Remember those teachers you had in high school and middle school (and maybe even elementary school) who shaped you as a person. The ones whose names you can still remember and sometimes you feel yourself transported back to their classroom when someone says "What was that conversion factor?" or "How do you spell that word?" Perhaps I'm stretching the nostalgia a bit too far, but there are teachers that helped you become who you are today. Maybe they nudged you into working a little bit harder so that they could show you just how good you could be. Maybe they encouraged the pants off of you and acted like you were a super-star in the classroom, even though you felt like a loser outside of it. Maybe they just did their job and it was really your desire, passion, and skill that made them so influential. You still remember them though.
Then there were the teachers who made you feel quite insufficient. You just couldn't do good enough. You talked to much, or too little. Maybe they never noticed you, or only noticed you to hand out a punishment or critique. Maybe instead of encouraging you to work harder they told you that "You'd never get any better, so why try?" Maybe they didn't do anything particular and you just sucked at that subject, and they knew it and you knew it. Maybe they were just a bad teacher who couldn't explain anything sufficiently. Their names are forgotten, but their tactics remain.
There are all kinds in every school, all kinds in every child's education. For me the first group, the great teachers, were mostly made up of my Math and Science teachers. After 7th grade I think I could tell you all my Math teachers' names and many of my Science teachers', but I won't bore you with that. Not all of them were extraordinary, but many were. Most of my favorites were non-traditionalists. Mrs. Williams (the only English teacher in the bunch) let us have paper ball fights if we were good; she'd even join in. Mr. Paar would use fishing analogies to teach Algebra. Miss Genie would get so excited about Math she would start jumping up and down, one time she even climbed on top of a desk. Now that I think about it they were all pretty nuts. At the time, sitting in their classrooms, we (the students) would just look around at each other and say "Wow! They're soooo weird." But we loved it. They were passionate about their jobs and they were passionate about helping us learn. We'd have never admitted it back then, but those were our favorite classes. Those are the teachers I want to emulate, not just their crazy behavior but their zeal.
The second group of teachers included most of my English teachers, thus the incessant use of spell check and dictionary.com now-a-days. To ALL my English teachers (and it was pretty much all of them) who said, "You need to work on your writing. It's not very good. Your spelling is atrocious, and there are comma splices every where. Now look at Katie's paper, that's what you should be writing." I am teaching your subject now! How do you feel about that? *Also I would like to take this time to note: my mom thinks I write very well, and has complimented my blog writing skills numerous times. I assure you she is a very unbiased source.* Now I know most of you are thinking (or should be thinking), "What in the world are you doing teaching English if your least favorite subject was English and you still use spell check without default?" And also the question begs to be asked, "Why did you get a degree in 'The English of Tech' when you were at an engineering school in the first place, obviously suck at English, and enjoy Math?" The answer is: Through many random events and strange happenings, but really God only knows. But I loved my major, I'm glad I'm teaching, and I'm ok with the fact that my students catch my spelling mistakes. I was never very good in those English classes because I felt that all they wanted you to do was copy another man's style and pass it off as your own. And for the most part that is exactly what they wanted, and exactly what I refused to do. Thus the conflict, and my inability to get an A in English. These teachers, the ones that stifle and come down hard on you, are the ones I hope I am for no student.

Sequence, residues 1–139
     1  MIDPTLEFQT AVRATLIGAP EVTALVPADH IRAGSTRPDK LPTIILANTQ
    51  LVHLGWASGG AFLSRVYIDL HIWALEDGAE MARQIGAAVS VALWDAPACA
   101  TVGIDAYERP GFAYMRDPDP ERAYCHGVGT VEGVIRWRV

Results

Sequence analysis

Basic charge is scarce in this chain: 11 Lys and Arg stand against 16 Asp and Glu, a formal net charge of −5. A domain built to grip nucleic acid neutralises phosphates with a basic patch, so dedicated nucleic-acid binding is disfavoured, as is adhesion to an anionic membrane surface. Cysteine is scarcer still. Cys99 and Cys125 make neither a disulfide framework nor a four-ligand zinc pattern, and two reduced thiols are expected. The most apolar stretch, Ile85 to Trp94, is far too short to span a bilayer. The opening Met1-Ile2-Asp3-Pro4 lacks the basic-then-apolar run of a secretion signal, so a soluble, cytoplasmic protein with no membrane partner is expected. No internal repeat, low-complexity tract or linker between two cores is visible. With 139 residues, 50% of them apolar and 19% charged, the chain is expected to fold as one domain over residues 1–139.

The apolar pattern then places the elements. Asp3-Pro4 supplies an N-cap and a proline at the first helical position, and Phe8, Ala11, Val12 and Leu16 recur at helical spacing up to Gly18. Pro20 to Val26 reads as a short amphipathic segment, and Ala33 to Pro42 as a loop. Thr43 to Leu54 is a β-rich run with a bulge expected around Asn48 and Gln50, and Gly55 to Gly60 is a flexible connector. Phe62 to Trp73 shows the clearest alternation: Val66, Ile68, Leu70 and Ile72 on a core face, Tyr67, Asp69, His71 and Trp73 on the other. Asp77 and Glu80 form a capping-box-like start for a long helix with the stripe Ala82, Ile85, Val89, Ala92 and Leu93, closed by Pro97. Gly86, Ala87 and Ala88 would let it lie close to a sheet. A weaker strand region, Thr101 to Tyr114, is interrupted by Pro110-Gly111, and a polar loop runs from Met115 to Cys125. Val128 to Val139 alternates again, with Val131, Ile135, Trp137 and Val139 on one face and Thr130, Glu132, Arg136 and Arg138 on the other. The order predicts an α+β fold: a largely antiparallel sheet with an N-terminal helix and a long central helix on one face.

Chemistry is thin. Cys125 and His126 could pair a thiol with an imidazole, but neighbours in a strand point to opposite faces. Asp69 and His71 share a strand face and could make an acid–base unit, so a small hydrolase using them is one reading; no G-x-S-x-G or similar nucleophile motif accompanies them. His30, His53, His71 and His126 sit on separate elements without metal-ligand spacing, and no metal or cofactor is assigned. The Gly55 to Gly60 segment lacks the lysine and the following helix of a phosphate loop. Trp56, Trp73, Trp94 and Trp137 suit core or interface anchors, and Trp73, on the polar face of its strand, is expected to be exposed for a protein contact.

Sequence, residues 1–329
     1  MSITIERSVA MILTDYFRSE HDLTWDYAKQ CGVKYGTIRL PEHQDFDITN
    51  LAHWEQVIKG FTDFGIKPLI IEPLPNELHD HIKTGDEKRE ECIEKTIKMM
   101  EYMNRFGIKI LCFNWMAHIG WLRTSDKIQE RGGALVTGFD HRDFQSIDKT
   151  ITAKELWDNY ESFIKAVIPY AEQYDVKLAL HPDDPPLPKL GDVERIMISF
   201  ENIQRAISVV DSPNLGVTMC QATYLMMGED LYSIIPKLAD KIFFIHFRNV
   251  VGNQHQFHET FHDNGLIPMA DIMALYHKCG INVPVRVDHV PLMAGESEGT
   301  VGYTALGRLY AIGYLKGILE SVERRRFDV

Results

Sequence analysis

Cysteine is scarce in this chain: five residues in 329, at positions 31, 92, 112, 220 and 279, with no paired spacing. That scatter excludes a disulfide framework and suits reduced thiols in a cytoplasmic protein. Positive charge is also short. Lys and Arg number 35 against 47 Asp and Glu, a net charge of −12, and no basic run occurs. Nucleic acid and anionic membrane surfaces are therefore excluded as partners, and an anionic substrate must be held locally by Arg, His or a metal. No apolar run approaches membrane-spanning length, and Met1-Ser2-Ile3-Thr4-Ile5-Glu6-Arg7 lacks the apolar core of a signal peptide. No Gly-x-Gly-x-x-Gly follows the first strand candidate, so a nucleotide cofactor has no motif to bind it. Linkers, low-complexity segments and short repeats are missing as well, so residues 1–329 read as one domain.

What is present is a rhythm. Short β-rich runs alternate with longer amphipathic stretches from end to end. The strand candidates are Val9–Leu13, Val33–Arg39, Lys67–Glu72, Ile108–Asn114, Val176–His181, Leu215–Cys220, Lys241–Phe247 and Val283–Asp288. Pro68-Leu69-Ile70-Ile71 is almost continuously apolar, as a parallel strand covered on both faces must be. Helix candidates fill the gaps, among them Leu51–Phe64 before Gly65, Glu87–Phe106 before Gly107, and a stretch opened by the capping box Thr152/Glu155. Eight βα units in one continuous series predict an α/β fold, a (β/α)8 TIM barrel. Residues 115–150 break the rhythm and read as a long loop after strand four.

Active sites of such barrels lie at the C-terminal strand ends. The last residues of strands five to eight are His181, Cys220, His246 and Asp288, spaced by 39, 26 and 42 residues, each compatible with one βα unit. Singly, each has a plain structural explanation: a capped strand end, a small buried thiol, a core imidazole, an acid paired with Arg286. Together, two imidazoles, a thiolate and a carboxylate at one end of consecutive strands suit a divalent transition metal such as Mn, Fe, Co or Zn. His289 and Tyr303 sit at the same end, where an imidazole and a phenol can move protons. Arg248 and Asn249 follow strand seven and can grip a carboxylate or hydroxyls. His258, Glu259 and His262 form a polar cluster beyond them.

Now comes the idealism, if you haven't already felt it. As a teacher now, looking back on my experiences as a student is hard. The roles are reversed. I see how challenging each day is for the Teacher. I feel the propelling desire to make the biggest difference I can in each student's life. I know the difficulty of meeting challenges with patience and quick solutions, however many it takes to find the right one. I come home in the afternoon with a headache and a hounding question, "Did I make a difference?" I hope that at some point, while I am a teacher, I can answer that question with an unequivocal "Yes." But for now, all I can tell you unequivocally is that the students make a difference in my life every day, my fellow teachers make a difference in my life every day. That for me is enough right now. That for me is everything I need to know. No matter how much I give it will never be enough to return what I have received. One day though, I'll be able to answer my question with a "Yes" and on that day I'll be jumping up and down in the streets (or maybe I'll just climb on top of a desk).